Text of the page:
I'll continue my search, but I did want to pass on one last item for you to consider. In my searching, I ran across the following quote a number of times. It addresses an section found in the Domestic Security Enhancement Act of 2003 (a.k.a. The Patriot Act II). I'm really not sure what happened to this act. It may be sitting on some shelf waiting for "another Pearl Harbor" type event or it may have been relabeled and quietly passed into law. The following is an example of an alert of potential abuse posted repeatedly all over the web that speaks right to the subject of this post:
SECTION 501 (Expatriation of Terrorists) expands the Bush administration's "enemy combatant" definition to all American citizens who "may" have violated any provision of Section 802 of the first Patriot Act. (Section 802 is the new definition of domestic terrorism, and the definition is "any action that endangers human life that is a violation of any Federal or State law.") Section 501 of the second Patriot Act directly connects to Section 125 of the same act. The Justice Department boldly claims that the incredibly broad Section 802 of the First USA Patriot Act isn't broad enough and that a new, unlimited definition of terrorism is needed.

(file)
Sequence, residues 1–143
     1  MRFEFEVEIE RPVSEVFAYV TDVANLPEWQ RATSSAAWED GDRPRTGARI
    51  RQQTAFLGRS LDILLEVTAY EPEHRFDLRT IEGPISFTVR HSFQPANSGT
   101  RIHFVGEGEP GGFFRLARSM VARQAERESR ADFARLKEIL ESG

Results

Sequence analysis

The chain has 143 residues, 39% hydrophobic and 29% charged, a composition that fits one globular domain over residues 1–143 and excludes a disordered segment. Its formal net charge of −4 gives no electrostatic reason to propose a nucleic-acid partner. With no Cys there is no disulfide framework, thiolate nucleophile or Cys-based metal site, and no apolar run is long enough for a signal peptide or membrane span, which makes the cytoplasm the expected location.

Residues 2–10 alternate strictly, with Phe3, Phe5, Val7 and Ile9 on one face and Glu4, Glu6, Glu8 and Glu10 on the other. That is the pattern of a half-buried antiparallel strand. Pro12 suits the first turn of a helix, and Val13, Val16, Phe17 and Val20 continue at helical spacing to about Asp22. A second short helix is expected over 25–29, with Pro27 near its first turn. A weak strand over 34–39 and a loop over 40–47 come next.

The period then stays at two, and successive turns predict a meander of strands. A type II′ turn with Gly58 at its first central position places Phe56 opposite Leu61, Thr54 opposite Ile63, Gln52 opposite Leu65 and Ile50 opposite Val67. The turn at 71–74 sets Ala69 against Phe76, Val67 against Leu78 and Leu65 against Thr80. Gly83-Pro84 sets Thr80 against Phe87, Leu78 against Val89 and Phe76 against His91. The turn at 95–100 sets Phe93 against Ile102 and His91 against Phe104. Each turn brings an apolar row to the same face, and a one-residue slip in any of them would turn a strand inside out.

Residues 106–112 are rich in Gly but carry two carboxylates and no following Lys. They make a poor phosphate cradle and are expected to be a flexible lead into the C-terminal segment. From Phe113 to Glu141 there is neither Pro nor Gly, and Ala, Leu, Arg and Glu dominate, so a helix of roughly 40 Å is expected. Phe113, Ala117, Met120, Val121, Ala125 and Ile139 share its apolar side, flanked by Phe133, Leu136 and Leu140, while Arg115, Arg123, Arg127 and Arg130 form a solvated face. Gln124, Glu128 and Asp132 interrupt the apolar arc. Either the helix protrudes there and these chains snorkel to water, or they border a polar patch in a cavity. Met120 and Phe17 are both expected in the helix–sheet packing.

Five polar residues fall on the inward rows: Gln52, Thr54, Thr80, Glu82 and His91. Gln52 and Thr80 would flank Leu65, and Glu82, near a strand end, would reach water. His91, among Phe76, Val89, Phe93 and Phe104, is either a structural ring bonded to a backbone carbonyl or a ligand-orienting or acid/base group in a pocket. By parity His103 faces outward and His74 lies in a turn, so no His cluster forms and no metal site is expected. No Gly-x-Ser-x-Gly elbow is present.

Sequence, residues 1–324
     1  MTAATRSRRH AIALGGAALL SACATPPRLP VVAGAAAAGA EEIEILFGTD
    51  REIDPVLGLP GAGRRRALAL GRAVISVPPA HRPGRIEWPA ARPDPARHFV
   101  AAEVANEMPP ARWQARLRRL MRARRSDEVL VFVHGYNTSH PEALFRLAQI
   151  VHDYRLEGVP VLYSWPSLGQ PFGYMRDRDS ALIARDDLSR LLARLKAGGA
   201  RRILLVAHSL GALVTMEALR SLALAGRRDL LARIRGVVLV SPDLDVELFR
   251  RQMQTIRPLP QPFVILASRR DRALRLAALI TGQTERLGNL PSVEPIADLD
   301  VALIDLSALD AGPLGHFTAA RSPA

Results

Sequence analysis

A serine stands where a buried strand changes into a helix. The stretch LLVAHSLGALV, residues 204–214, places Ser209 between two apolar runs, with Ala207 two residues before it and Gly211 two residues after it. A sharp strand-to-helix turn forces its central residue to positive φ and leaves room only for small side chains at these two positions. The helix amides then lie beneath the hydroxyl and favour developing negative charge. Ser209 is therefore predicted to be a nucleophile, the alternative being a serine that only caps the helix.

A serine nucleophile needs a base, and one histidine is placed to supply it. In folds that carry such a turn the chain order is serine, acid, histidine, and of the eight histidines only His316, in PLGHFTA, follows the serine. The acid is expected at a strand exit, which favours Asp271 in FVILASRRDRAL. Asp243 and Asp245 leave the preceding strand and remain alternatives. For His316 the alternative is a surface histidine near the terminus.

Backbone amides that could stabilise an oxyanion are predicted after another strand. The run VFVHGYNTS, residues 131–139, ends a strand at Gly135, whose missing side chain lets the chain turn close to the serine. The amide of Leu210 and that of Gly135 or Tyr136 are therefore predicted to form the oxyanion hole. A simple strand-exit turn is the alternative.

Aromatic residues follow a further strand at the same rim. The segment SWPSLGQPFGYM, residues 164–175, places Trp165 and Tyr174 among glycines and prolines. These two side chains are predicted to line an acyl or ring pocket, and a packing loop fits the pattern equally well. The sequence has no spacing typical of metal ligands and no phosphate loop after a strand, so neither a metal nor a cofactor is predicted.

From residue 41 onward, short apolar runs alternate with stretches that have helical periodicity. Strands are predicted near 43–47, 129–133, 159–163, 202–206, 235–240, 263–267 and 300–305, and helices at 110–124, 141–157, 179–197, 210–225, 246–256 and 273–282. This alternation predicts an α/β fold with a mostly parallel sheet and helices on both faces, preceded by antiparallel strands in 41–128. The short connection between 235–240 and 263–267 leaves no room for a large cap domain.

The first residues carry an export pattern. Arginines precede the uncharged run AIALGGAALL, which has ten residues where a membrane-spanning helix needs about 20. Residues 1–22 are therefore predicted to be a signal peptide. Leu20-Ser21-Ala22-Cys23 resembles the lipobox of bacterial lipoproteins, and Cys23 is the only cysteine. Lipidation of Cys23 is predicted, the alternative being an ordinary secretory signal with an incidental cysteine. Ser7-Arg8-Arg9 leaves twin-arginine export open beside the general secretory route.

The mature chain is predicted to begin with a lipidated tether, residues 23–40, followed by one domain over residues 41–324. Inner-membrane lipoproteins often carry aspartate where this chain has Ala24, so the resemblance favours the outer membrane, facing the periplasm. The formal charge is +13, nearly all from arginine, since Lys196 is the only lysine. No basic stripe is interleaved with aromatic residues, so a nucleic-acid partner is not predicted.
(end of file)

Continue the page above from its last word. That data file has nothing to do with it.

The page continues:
Under Section 501 a US citizen engaging in lawful activities can be grabbed off the street and thrown into a van never to be seen again. The Justice Department states that they can do this because the person "had inferred from conduct" that they were not a US citizen. Remember Section 802 of the First USA Patriot Act states that any violation of Federal or State law can result in the "enemy combatant" terrorist designation.
In closing, I can not at this time prove without a doubt that a U.S. citizen could have his citizenship revoked at will, but I think the groundwork has been laid for it at some future time.